American University of Beirut

​Art Education in the Middle East: An Open Format/Work in Progress


Multi-Participant Convention of Regional Art Educators

AUB Art Galleries (Fall 2021-Spring 2022)



This project brings into discussion the state of art education in the Middle East, a question that is particularly relevant today as the pandemic has posed multiple challenges to the education of young artists. Distance learning and the adoption of screen technologies have been some of the main difficulties in cultivating what for many centuries has amounted primarily to manual or bodily dexterity and artistic skill. These challenges, however, can also be seen as a point of departure toward new forms of artistic learning. Art Education in the Middle East will pose questions and throw light on the nature, the histories, and the pedagogical models of art education encountered throughout the region. While some capitals in the Middle East have established art schools or academies since very early in the twentieth century (as is the case of Cairo's Madrasat al-Funun al-Jamila al-Misriyya, also known as the École Égyptienne des Beaux-Arts, established in 1908, or Beirut's Ecole des Arts et Métiers set up in the 1930s) in other countries, artist schools, art academies, or departments of art have been a more recent phenomenon. In some capitals art departments and schools emerge in the 1970s, and some art schools appear in the twenty-first century. The project invites various traditions of art education (from Cairo's Madrasat al-Funun al-Jamila al-Misriyya, to New York University Abu Dhabi, to Ramallah's International Academy of Art) into a dialogue.​​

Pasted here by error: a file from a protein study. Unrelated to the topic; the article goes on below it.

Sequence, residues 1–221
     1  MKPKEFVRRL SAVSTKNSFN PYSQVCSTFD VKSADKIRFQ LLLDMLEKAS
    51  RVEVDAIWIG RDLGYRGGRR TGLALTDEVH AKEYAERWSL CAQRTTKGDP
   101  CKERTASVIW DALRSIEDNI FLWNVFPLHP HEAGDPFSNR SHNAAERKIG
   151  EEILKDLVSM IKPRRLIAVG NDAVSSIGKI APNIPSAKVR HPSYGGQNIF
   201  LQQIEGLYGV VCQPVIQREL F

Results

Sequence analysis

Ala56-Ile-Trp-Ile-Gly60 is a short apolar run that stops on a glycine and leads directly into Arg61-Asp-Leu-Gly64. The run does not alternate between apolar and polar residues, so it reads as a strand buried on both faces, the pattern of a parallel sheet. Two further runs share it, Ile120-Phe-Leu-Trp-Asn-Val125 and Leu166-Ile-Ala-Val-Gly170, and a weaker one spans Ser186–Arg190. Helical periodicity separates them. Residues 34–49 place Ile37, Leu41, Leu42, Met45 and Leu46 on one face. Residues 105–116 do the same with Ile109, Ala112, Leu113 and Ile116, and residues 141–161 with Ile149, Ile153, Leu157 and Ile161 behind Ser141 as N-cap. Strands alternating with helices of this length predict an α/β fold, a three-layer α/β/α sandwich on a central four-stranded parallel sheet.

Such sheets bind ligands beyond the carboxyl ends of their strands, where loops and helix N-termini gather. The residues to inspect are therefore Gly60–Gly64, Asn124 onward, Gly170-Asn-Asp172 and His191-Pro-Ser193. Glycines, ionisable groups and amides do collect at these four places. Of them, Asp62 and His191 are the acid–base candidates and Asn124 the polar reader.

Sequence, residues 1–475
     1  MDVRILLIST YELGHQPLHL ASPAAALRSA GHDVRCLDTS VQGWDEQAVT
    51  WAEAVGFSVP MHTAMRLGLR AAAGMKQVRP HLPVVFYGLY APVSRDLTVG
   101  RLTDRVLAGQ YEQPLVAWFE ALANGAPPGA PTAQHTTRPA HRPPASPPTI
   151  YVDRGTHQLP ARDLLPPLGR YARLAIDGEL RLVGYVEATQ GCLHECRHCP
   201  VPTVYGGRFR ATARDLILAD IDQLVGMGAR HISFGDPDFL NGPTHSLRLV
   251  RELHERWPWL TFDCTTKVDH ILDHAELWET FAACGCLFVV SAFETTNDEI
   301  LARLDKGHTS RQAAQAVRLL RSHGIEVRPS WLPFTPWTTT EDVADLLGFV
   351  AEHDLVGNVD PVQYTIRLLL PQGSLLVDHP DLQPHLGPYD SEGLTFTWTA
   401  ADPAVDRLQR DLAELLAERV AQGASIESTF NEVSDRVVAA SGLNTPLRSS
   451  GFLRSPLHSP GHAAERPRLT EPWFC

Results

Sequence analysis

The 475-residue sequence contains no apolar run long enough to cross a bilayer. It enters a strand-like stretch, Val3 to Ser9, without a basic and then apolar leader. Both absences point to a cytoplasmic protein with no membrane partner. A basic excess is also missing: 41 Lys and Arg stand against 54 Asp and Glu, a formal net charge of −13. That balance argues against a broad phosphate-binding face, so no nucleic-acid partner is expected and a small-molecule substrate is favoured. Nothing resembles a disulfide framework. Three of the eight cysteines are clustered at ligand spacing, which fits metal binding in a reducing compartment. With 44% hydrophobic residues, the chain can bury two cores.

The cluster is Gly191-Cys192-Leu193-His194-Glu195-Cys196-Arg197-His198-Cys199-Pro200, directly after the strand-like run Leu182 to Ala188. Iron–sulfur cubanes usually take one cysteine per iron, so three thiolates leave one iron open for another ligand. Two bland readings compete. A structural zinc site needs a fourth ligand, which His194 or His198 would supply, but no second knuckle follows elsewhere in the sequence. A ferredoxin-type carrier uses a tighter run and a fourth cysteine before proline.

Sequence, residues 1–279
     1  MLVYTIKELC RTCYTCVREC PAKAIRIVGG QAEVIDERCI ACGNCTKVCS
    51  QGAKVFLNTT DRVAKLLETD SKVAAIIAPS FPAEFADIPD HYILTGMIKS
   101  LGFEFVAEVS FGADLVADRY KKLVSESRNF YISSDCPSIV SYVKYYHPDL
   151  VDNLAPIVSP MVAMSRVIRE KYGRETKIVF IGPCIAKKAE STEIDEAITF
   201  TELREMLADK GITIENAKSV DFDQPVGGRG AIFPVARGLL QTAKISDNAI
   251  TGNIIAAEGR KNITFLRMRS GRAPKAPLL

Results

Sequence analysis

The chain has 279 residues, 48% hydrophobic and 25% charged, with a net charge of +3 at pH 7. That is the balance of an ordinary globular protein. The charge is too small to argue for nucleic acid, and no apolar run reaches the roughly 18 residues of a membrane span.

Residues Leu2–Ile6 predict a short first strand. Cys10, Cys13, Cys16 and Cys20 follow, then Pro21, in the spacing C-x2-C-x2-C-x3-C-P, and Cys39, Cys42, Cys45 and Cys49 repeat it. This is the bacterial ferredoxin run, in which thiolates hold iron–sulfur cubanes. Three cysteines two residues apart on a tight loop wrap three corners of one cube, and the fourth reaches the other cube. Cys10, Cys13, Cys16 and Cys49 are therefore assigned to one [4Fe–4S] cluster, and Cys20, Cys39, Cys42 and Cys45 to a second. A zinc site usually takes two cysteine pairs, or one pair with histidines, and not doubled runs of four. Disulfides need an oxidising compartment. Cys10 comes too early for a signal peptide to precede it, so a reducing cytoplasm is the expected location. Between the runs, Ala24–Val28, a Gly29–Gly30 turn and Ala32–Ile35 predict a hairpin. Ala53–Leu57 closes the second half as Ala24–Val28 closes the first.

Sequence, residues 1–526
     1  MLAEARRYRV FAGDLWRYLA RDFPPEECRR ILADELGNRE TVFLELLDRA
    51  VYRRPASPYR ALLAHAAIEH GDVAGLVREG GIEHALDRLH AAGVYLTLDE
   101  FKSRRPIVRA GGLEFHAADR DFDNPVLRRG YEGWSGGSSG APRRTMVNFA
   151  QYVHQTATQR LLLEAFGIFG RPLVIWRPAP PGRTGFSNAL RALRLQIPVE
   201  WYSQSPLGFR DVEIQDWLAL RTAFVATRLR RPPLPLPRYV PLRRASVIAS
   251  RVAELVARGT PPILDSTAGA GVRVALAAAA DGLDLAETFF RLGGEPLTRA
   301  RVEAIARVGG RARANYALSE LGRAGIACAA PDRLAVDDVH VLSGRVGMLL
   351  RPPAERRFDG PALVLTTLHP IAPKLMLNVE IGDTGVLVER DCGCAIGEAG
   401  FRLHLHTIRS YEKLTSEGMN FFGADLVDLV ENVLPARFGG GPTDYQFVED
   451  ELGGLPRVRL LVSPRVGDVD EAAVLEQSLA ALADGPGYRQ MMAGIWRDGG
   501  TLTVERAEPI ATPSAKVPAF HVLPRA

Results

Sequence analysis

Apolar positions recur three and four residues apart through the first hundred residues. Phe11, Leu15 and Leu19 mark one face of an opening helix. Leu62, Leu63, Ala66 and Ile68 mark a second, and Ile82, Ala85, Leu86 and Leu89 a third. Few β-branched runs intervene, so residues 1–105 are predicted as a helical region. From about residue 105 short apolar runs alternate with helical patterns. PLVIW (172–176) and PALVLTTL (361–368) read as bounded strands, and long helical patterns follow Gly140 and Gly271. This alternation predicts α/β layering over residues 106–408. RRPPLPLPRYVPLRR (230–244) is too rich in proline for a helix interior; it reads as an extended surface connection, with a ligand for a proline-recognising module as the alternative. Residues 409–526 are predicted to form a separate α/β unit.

Art Education in the Middle East unfolds in the open format of a work in progress, comprising seven chapters. For each of these chapters we invite representatives of different art schools or art departments, researches, artists, scholars to make themselves present in AUB's two art galleries, via direct participation, exhibition, screening, public talk, or/and via online events The format of the event is conceived in terms of overlapping “plateaus," where works by students and faculty from different schools, as well as material pertaining to their curricula, education, or the history of the school, will be on revolving and changing display. One distinctive aspect of this project, which is consistent with the scope of education, is that some of the plateaus have been produced and curated by the students enrolled in my curating course AHIS 285-325.


Octavian Esanu​


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